They had all eventually married, but none to husbands of the gentry. Only Jane, beautiful Jane, had come close. Their Uncle Gardiner had brokered a marriage for her with one of his business associates who was a very gentleman-like person, although more than ten years her senior. Elizabeth’s own husband was a good and intelligent man, certainly literate enough to manage his farm well, lacking only the range and depth of knowledge that rendered a man truly educated. She had been willing to teach and he, to learn. Between them, they had forged, from its unlikely beginnings, a strong and healthy marriage. She remembered well, even now, her Aunt Gardiner’s advice before her marriage, for it was advice she imparted to her own children when they wed.
“A successful marriage, even one based on strong affections, takes work. A lot of work and the most important aspect is how you manage the disagreements, for disagreements there shall be. Compromise is crucial, particularly in your circumstances where there is not a strong mutual affection to carry you over the bumps. A mutual respect must serve the purpose instead. That does not entail subjugation of your wishes to his, but to work out the differences to a resolution that both of you can live with. Sometimes that will favour you, other times, it will not.”
Their farm had increased in size with the judicious application of her dowry and prudent management of their income. Their children, six of them, had strengthened those bonds. She had not loved him when she took her vows but, within several years, her affections for him were such as to make the distinction trivial. It had been a source of pleasure to have them returned, and she had long suspected the confession of her regard had produced their second child.
She would never have anticipated such a conclusion when he had approached her that evening during the assembly. He had requested the next set, but to converse, not to dance. And for the half hour the dance lasted, they did exactly that. He had been unusually direct, speaking of his farm and his aspirations and inquiring into her circumstances. She had not spoken of Lydia, nor had he asked. It was quite unnecessary. He had asked her for the next dance as well and this one they did dance. She was pleased to learn that he was reasonably competent in an activity he confessed he rarely performed. Later that same evening, he once more engaged her in conversation, picking up where they had left off earlier in the evening. His behaviour puzzled her greatly and yet his company was not unpleasing and his conversation suggested an intelligence that she had not expected from one of his station. His manners were a little uncouth, but she had not taken offence.
All became clear two days later when he approached her father to speak with her in private. Permission was granted, of course, for Elizabeth was increasingly aware of her spinster status and the insecurity of her situation. Her suitor had laid out his hopes and explained his motivations. He was both intelligent and ambitious and hoped for a better life for his children. A wife, he was convinced, who was of the gentry could guide and educate him and their children. He was quite aware that his manners were not those of the gentry but he was willing and able to improve himself with the proper instruction.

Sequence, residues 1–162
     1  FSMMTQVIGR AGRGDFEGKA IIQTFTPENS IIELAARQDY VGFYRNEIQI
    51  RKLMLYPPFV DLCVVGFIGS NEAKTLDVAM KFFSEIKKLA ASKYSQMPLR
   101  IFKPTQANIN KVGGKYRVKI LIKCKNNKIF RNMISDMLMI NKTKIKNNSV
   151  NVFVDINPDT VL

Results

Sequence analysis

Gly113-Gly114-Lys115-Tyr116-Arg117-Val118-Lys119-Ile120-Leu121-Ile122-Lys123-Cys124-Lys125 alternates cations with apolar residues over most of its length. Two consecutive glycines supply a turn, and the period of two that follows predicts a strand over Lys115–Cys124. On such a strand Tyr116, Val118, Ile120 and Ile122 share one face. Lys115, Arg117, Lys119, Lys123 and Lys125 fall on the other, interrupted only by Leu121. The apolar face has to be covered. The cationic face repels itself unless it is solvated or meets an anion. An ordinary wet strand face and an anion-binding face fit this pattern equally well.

The difficulty had been finding a woman whose circumstances made an offer such as his appealing and who had the personal characteristics that he sought. He had learned of Elizabeth’s situation, had spoken with others about her, and finally approached her at the assembly to talk with her. She was what he sought and the only question that remained was whether she could be brought to accept his offer. He did not plead a romantic attachment, but instead he showed her his home, his fields and talked of his hopes for the future. For her part, Elizabeth considered his offer for a week, spoke with her father and the Gardiners, and ultimately agreed to marry Thomas Helton. It had been a marriage of prudence, but her prospective husband had many admirable characteristics, his home and farm gave evidence of a careful and diligent owner, and she had heard nothing of him that spoke of dissolute behaviour. He did not attend the Longbourn chapel but the clergyman of the church he did attend spoke well of him. She felt she could safely place her future, and that of their children, in his hands.
She looked at him now and realized her silence had made him uneasy. She smiled as warmly as possible and felt a stirring in her stomach. She wondered if he might, even after so many years, be enticed up to their bedroom. An afternoon engagement was not something they had enjoyed for more than ten years, although in all other respects their marital intimacy was not wanting. Her husband cleared his throat and wondered himself at the warmth of her gaze.
“Only if you do not take me upstairs and love me, husband.”
She lay beside him less than an hour later, bathed in sweat and deliciously relaxed. He was in his usual half awake condition following such intimacies and she knew he would drift off for an hour or two unless she acted to keep his attention.